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Microsoft's .NET Core to be modified for better compatibility with applications

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May 31, 2016

Microsoft's open source software of its .NET platform (dubbed .NET Core) will be modified for better compatibility with existing applications, says program manager Immo Landwerth in a recent blog post.

When the software behenoth embarked on its .NET Core effort a few months ago, it took a minimalist approach, stripping out legacy code in order to get the best performance and smallest footprint for cross-platform server applications.

The consequence is that porting existing applications is difficult, because so many of the existing .NET Framework APIs are missing.

"We’ve decided to greatly simplify the porting effort by unifying the core APIs with other .NET platforms, specifically the .NET Framework and Mono/Xamarinm" says Landwerth.

This will be achieved by providing "source and binary compatibility for applications that target the core Base Class Libaries across all platforms.

The Base Class Libraries are those that existed in mscorlib, System, System.Core, System.Data, and System.Xml that are not tied to a particular application model and are not linked to a particular operating system implementation," Landwerth asserts.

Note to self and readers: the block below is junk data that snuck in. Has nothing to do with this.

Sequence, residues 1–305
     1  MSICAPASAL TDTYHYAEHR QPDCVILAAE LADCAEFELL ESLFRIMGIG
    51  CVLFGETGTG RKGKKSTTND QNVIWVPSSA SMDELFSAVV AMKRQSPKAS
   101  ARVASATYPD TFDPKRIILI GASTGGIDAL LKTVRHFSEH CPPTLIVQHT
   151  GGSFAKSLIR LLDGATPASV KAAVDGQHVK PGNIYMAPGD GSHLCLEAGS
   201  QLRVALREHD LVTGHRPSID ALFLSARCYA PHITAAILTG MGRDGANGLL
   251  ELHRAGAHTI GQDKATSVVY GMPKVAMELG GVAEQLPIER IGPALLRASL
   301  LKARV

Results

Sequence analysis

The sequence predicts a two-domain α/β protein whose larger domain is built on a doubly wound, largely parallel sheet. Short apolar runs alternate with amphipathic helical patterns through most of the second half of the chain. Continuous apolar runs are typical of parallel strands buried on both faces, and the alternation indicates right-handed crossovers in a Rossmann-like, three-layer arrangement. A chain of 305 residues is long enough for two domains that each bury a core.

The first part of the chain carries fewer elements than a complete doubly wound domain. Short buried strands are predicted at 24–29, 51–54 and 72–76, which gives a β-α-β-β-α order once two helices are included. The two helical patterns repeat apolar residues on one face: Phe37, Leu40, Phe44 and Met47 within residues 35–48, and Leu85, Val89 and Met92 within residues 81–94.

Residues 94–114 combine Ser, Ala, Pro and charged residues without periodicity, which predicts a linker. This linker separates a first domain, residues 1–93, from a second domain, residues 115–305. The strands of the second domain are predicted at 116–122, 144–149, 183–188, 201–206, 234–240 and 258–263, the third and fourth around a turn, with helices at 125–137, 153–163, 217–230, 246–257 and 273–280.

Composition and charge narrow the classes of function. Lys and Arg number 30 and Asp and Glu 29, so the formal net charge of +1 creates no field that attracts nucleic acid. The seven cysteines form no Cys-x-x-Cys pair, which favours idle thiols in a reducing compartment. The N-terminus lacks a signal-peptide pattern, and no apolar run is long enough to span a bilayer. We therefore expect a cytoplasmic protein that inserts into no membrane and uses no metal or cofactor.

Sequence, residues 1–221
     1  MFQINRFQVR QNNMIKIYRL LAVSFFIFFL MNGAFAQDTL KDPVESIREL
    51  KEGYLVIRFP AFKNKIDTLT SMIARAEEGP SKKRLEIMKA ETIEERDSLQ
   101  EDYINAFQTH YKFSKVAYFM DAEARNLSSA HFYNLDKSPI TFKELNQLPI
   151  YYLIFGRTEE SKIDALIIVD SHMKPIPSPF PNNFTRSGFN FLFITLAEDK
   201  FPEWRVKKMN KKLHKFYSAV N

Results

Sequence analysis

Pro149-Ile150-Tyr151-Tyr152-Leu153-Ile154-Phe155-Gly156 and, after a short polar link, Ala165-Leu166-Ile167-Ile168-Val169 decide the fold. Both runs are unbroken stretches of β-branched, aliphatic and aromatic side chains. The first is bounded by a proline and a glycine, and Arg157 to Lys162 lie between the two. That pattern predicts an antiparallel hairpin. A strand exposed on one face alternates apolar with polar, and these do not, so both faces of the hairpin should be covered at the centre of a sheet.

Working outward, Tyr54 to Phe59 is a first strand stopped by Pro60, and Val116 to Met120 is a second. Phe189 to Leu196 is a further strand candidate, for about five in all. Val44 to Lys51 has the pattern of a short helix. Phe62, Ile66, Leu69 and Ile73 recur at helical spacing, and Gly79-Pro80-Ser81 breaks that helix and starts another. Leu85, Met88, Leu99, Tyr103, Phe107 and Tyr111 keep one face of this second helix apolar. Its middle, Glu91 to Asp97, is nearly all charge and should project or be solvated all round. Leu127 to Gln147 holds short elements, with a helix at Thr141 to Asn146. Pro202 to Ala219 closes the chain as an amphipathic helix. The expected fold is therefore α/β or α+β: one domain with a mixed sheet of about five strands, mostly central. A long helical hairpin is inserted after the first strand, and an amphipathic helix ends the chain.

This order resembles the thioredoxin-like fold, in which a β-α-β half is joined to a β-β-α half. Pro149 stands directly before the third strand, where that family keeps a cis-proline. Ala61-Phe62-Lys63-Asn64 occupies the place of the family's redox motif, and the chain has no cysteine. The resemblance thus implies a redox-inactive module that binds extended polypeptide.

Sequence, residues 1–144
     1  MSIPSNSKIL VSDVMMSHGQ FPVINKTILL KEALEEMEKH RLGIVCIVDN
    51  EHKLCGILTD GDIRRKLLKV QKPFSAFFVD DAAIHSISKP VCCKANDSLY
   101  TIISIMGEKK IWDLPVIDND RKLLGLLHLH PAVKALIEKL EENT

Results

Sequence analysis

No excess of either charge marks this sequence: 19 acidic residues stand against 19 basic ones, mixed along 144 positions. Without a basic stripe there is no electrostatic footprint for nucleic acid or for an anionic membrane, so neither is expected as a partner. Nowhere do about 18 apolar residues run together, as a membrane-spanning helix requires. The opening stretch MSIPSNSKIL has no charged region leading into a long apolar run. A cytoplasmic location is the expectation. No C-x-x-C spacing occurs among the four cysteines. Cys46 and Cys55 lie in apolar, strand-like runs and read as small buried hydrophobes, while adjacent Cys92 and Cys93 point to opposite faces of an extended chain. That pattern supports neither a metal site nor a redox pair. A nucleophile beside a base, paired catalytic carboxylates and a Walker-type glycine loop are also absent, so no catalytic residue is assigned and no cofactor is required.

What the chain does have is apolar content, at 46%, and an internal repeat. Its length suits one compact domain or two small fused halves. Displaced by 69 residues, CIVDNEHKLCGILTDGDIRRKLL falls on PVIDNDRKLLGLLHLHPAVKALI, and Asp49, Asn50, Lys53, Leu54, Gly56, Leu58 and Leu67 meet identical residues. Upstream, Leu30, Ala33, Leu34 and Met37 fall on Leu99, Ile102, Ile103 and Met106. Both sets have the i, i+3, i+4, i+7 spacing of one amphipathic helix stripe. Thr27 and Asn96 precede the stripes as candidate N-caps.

The move is controversial however, since it means that the .NET Core will no longer be a clean break from the Windows-only .NET Framework, and the size of its system libraries will increase.

Landwerth says that the overhead of larger libraries will be mitigated by a linking tool that "will be more precise and provide better savings than any manual process.

Another concern is that .NET Core, which is not yet at version 1.0, has had too many changes of direction in its short life.

Between RC1 and RC2, Microsoft introduced new tooling called Dotnet CLI. The new announcement means that .NET Core 1.0, which is expected soon, will change substantially soon after its release.

"I no longer have any certainty with anything in regard to .NET Core, because the roadmap has been changing rapidly," says Aaron Stannard, founder and CTO at .NET tools company Petabridge.

But in all fairness to Microsoft, a lot has happened since the first .NET Core announcement, including the acquisition of Xamarin and Mono (an earlier open-source port of the .NET Framework), and making sense of all these .NET pieces is challenging, to say the least.

Source: Microsoft.

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